How we conspired with the color wheel…

amber color theming …for better content recognition! Something I’ve been wanting to implement for a while is various colors for elements on our lists. Why? Well, lists are:

  • The easiest way for us to give people access to info in our database
  • …and therefore something we have a lot of
  • Inherently visually boring (uniform and repetitive)

amber color theming
This means that we have a lot of resources that our staff will reference (sometimes side by side) that will either all look the same because of their style consistency, or they will be distinguishable because they pull styles from different CSSĀ eras. It would be much better to have thematically consistent styles, and develop conventions for components such as legends, descriptions, tooltips, labels, links, so that people can seamlessly navigate our resources.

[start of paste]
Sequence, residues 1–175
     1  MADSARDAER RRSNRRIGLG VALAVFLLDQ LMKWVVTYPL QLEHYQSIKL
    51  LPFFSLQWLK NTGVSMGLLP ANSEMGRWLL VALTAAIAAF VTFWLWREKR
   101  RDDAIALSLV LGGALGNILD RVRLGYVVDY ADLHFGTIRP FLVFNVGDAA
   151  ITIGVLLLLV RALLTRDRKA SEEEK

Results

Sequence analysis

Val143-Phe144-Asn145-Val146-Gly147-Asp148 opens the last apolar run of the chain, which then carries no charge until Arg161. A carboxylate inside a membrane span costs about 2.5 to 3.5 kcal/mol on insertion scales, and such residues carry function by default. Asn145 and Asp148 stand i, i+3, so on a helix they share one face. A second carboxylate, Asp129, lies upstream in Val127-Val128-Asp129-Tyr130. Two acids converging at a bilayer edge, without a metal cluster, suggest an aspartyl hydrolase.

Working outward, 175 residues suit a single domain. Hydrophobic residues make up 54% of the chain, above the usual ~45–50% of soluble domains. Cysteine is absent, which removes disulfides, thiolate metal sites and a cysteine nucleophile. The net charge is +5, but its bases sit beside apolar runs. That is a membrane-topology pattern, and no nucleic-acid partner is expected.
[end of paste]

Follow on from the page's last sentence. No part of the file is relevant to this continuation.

amber color theming
To deal with this problem, I’m introducing color themes to our amber styles pool. The theme colors will apply to navigational components like panel/table headers and typography headers. The idea is to help someone instantly process the identity of a list or application, even if it has a very similar structure to another one they have on screen.

amber color theming I implemented this by creating a Sass mixin that generates all the variables for a theme, and a partial that contains only the selectors effected by a theme. The variables must be set to global to overwrite default ones.

@mixin generate-theme-colors($base-hue) {
  $theme-base: $base-hue !global;
  $theme-light-accent: saturate(lighten($theme-base, 20), 1) !global;
  $theme-dark-accent: darken($theme-base, 3) !global;
  $theme-med: saturate(lighten($theme-base, 10), 1) !global;
  $theme-light: saturate(lighten($theme-base, 20), 1) !global;

Then I nested them in a theme class (presumably used on the body tag).

.warm-one {
  @include generate-theme-colors(#543236);
  @import "themed-components";

amber color theming

Viola! A CSS set has been created for each theme.